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5 Products Consumers Like to Scrimp On, But Shouldn’t

For some key purchases, going cheap is never a good idea.
 
 
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Photo Credit: Steve Cukrov / Shutterstock

 

We’re a nation of consumers and bargain hunting and scrimping are part of our way of life. However, there have always been products out there that we’ve collectively known we shouldn’t be frugal with.

Eyewear has historically been something people know not to go cheap on, unless they want to buy new frames frequently. But times have changed. Online shops like Glasses USA and Warby Parker have made it possible to get deeply discounted glasses without giving up much in terms of quality.

In recent years we’ve seen the advent of sustainable consumerism, buying used and refurbished products instead of new ones, not only to save money, but to keep still usable items out of our landfills. Internet sites — Craigslist and eBay in this case — have helped spawn this movement. It’s getting more common to see people buy everything from designer blue jeans to bicycles used, and at steep discounts over new.

But there are still many items you really shouldn’t scrimp on. For some items, like tailored suits and cutlery, you probably shouldn’t go the cheap route, but we have seen exceptions to the rule. But for the items below, we can’t think of one reason to go cheap.

1. Plumbing fixtures. When remodeling or doing home repairs, we often get caught up in details involving the tiles, cabinets, counters, and flooring. Plumbing fixtures are often an afterthought. Fixtures are often purchased without much research and at big box hardware stores. But this benign neglect has its consequences, and can leave homeowners all wet, literally.

A cheap stainless steel sink may have a higher gauge (which is thinner), which means it is more likely to bow, bend and even fail. Also, a thin sink doesn’t hold heat well, so a sink full of hot dishwater can turn cold quickly.

A bigger problem is fixtures such as faucets and showerbodies, which can come in a range of quality, even from the same manufacturer. Oftentimes, the products at big box stores contain critical parts made from plastic, instead of metal. Valves, once made of brass or steel, have been widely replaced by cartridge housings made mostly of polypropylene and rubber components.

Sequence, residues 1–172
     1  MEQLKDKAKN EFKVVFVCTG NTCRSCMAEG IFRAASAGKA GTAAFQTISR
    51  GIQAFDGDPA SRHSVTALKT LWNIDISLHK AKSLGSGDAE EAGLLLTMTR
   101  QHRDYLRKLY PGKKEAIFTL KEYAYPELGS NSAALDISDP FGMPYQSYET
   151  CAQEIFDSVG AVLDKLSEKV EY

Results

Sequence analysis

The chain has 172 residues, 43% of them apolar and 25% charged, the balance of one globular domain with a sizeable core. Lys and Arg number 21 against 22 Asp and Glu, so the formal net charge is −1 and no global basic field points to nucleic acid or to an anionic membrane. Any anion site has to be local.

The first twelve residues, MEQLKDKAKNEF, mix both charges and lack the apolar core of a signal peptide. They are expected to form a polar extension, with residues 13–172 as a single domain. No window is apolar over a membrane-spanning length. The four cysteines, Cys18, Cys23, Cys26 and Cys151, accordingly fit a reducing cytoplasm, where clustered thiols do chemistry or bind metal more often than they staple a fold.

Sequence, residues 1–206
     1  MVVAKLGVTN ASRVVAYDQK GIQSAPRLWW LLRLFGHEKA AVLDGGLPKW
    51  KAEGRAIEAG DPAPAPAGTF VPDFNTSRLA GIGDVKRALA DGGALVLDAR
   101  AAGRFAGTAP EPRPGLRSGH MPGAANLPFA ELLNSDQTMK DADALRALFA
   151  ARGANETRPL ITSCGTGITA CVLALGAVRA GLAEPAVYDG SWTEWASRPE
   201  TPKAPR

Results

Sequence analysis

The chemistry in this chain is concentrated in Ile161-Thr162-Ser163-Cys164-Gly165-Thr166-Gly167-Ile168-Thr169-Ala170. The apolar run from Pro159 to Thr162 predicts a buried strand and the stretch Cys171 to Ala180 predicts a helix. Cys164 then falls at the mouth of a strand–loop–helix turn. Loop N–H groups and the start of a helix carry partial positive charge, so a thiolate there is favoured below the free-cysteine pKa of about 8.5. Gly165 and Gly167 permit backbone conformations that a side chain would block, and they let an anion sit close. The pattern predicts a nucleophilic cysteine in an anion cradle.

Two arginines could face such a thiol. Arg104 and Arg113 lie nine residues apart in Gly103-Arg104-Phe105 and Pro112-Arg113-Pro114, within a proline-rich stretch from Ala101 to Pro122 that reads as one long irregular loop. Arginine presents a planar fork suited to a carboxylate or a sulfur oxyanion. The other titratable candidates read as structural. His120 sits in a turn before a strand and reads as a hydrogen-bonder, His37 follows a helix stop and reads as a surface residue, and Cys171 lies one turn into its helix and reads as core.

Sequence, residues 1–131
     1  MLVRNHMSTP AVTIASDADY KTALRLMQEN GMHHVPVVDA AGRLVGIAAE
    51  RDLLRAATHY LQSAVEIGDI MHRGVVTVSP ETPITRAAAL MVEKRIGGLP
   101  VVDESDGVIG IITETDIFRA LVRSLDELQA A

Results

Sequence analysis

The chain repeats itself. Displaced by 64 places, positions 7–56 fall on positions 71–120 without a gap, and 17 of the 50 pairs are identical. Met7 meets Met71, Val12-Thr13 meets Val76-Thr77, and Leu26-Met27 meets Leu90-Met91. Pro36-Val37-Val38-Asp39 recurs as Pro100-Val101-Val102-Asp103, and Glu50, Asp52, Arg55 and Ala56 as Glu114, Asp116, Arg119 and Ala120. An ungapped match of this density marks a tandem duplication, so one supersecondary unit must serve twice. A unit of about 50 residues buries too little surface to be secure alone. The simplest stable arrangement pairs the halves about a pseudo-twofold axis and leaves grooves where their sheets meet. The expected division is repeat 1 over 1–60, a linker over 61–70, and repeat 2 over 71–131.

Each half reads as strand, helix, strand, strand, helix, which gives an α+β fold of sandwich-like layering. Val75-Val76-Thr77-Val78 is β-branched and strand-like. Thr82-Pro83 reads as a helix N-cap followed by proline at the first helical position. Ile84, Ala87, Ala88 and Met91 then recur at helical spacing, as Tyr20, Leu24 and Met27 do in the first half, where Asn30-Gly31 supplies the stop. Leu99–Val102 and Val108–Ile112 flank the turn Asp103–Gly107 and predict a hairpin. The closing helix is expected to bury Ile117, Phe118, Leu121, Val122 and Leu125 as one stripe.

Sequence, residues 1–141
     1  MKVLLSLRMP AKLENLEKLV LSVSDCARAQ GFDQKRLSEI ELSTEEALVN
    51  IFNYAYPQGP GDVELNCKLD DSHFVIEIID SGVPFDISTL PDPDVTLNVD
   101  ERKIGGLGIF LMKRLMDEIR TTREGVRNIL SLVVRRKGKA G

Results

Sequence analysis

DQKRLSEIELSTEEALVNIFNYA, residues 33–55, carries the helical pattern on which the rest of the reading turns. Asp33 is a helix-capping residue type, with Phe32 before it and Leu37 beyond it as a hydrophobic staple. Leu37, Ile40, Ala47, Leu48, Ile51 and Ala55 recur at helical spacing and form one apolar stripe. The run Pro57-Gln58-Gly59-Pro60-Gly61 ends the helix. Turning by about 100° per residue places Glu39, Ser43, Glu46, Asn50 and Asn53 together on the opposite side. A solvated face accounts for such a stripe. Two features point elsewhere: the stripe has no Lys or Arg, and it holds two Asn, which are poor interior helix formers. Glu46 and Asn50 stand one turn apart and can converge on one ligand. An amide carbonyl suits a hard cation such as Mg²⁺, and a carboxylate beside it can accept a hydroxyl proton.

Most plumbing manufacturers still make better quality versions of the fixtures you’ll see at hardware stores that have more durable parts and sometimes more features. You might have a hard time finding them at big box stores, because they’re typically sold in lower volumes at plumbing supply stores. Depending on the type of fixture, expect to pay 40-80% more for the high-end version of what you’d find at Home Depot or Lowes.

2. Mattresses. Few things are as vital to your health as a good night’s rest, which makes buying a quality mattress very important. And if you often find yourself waking up tired and with body aches, it’s probably time to start looking for a new one. A good rule of thumb is to buy a new mattress every 12-15 years, regardless of how restful your sleep is.

For many people, shopping for a mattress is a bewildering process. There are many different types of mattresses, such as innerspring, water, foam, memory foam, pillow-top, air, and gel. And then there are hybrid variations of these as well. On top of that, there are mattresses that work with articulating bases, that heat and cool, and that have adjustable firmness settings. Confusing?

Purchasing a mattress is perplexing, in large part, because the industry wants it that way. It’s hard to comparison shop when the options are so varied. Manufacturers make it even more confusing by creating different (but very similar) lines for different distributors, and at different price points. This practice allows them to slip in some less-than-well-made mattresses along with their higher-end fare. However, you’re still better off looking at the more expensive mattresses first, and considering less expensive brands only if they can match the comfort, quality and utility of a higher-end mattress. There’s nothing wrong with going home with a $500 mattress instead of a $4,000 one, just make sure you’re not conceding anything when you make your decision.  

 
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